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2001 STS
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76 Posts
Theres a capacitor wired across the brake switch contacts, maybe that has open circuited. There should be an orange and white wire attached to the switch that is the power and feed to the EBTCM, the brake light, and cruise control circuits there should also be a black wire on each side of the switch, those are the wires to the capacitor.
On my 2001 STS I replaced both brake light bulbs with 3157 LED bulbs for
lower wattage, aka lower heat. All the brake lights are now working, however I still have code C1295, brake light switch open. However with current draw almost 80% less than incandescent 1157 bulbs, the circuit may think it is open when it is merely much less than expected. I did not find a capacitor on the brake switch leads.
At this time cruise control is not working and the traction control light is on, both issues seem related to the C1295 code.
 

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-Administrator- 2002.5 F55 STS 2014 FWD Explorer
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66,241 Posts
Old thread, but ...........

I can tell you that my 2002 STS does NOT like LED 3057 or 3157 substitute brake light bulbs. Same Cruise and Stability/Traction Control codes. Back to #3157 Sylvanias - all's well. 2018 experiment during complete rear bulb changes.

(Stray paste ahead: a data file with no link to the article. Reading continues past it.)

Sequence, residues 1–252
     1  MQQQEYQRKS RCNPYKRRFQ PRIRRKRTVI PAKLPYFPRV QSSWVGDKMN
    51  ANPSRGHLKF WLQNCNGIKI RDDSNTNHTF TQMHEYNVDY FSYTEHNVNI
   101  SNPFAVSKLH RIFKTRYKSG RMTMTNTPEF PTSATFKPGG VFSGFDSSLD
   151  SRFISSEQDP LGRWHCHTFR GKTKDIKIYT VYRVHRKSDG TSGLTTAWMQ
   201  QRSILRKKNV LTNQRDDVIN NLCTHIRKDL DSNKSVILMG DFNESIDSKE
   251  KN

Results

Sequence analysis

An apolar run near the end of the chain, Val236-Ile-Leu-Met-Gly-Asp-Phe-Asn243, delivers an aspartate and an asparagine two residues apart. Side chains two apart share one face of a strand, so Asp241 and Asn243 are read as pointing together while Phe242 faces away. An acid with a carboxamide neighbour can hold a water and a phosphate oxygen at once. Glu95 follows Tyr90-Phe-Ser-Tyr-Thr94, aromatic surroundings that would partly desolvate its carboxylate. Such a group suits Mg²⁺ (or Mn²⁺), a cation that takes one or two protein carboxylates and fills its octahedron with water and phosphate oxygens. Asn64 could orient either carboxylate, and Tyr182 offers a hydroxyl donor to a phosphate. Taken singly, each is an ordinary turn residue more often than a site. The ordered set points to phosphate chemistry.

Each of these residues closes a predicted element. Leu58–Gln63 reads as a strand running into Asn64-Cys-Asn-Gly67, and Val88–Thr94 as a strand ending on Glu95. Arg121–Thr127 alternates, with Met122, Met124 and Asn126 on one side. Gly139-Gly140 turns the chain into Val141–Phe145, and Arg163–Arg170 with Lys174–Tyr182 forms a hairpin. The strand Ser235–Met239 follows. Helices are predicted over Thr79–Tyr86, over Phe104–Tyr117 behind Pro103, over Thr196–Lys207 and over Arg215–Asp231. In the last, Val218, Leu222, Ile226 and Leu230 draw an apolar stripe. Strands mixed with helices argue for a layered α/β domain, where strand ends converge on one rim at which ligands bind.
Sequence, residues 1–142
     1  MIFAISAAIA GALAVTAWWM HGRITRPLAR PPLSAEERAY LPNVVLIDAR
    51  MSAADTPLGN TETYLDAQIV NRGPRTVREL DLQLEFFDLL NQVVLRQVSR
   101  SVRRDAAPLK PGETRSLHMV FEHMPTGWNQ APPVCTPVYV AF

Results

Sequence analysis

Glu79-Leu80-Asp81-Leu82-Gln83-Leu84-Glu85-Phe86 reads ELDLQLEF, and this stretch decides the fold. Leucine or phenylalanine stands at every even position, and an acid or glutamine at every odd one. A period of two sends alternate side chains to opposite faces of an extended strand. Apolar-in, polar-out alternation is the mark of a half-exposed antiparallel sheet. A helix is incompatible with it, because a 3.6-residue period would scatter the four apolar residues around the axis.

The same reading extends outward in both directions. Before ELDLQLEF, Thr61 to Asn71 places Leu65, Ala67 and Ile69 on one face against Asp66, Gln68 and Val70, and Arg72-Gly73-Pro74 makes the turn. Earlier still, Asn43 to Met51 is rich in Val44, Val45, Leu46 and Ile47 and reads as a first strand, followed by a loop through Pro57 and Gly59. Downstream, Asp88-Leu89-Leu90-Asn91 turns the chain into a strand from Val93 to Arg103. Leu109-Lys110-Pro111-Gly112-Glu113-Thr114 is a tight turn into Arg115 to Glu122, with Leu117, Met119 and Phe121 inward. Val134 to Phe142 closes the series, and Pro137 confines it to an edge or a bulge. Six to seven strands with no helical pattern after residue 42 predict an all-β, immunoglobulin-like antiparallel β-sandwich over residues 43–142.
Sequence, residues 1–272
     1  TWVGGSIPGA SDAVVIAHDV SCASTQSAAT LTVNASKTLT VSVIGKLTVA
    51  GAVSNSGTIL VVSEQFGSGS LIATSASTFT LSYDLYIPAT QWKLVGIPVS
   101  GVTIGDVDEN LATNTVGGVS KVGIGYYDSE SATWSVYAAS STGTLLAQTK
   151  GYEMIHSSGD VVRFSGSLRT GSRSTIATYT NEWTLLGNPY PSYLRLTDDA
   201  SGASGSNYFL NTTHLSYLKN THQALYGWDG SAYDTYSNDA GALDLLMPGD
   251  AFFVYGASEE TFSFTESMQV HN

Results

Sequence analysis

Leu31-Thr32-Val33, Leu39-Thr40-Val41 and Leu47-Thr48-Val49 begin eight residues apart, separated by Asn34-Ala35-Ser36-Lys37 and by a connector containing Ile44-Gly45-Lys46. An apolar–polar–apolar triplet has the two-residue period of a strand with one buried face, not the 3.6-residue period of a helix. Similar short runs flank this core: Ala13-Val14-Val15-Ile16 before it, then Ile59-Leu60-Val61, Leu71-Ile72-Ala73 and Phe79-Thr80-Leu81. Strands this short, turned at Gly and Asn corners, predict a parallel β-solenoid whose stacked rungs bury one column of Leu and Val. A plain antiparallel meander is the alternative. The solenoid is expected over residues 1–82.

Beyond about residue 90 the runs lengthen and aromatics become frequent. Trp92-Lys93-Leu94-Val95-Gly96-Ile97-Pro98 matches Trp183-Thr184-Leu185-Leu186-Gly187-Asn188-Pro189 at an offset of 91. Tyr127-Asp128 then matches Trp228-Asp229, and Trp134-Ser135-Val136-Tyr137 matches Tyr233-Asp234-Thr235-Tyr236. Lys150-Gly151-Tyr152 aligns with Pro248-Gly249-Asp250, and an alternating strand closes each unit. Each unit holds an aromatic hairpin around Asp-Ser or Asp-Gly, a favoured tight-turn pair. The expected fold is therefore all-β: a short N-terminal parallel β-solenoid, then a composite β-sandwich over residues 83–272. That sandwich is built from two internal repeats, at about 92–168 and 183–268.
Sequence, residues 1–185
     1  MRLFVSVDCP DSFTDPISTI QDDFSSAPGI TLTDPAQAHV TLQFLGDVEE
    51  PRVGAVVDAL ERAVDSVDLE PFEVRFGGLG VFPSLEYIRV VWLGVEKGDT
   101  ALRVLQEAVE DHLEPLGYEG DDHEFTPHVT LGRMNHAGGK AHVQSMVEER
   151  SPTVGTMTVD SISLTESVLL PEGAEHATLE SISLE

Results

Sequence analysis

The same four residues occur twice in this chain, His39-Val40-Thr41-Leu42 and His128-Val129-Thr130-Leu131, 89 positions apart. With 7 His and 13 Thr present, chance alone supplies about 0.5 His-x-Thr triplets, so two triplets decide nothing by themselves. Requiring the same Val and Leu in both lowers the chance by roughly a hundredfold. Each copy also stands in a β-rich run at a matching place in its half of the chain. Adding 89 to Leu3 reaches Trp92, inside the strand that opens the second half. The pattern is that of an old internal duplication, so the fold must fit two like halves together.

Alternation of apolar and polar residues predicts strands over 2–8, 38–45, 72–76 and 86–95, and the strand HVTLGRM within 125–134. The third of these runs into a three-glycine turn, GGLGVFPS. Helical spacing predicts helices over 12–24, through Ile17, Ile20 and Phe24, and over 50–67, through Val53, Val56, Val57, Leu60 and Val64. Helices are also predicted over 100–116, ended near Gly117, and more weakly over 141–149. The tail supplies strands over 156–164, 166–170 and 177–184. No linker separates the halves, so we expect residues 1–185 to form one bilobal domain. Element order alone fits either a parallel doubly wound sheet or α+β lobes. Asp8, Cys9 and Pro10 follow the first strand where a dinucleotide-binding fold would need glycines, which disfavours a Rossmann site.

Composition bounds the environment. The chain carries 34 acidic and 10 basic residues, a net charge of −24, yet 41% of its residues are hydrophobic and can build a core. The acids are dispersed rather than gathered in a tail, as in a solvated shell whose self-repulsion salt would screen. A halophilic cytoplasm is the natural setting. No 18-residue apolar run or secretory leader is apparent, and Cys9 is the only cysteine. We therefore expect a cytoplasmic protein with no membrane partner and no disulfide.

Complete rear bulb change? Here's the original set after 7 years. Did it again a year ago - some of the bubs were again blackened.

Click to enlarge, click the square grid at the lower right to hide the picture size details and expose the picture note (if any).

2000+ Seville rear lighting.jpg Taillight bulbs 2.JPG
 

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2001 STS
Joined
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76 Posts
Old thread, but ...........

I can tell you that my 2002 STS does NOT like LED 3057 or 3157 substitute brake light bulbs. Same Cruise and Stability/Traction Control codes. Back to #3157 Sylvanias - all's well. 2018 experiment during complete rear bulb changes.

Complete rear bulb change? Here's the original set after 7 years. Did it again a year ago - some of the bubs were again blackened.

Click to enlarge, click the square grid at the lower right to hide the picture size details and expose the picture note (if any).

View attachment 572627 View attachment 572628
SUB, Thanks that confirms my suspicions that the LED bulbs are too efficient to be detected. Which is a shame since LEDs won't have the problems of overheating and failure like the incandescent bulbs. I'll replace the LED bulbs with OEM 3157s which it sounds like will cure the problem. Sounds like I outsmarted myself with the LED bulbs.
 

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60 Posts
Now if we can get REALLY smart, perhaps we could run the LED bulbs, but add in an appropriate resistance value that ups the supply current to ‘normal’ but takes the heat and keeps it at where we put the resistor.

To engineer this, we’d have to know all the currents, and then work back to find the needed values. And use a resistor that is high wattage for heat dissipation.

Not exactly practical, but if you have too much time on your hands.......

Bjc789
 
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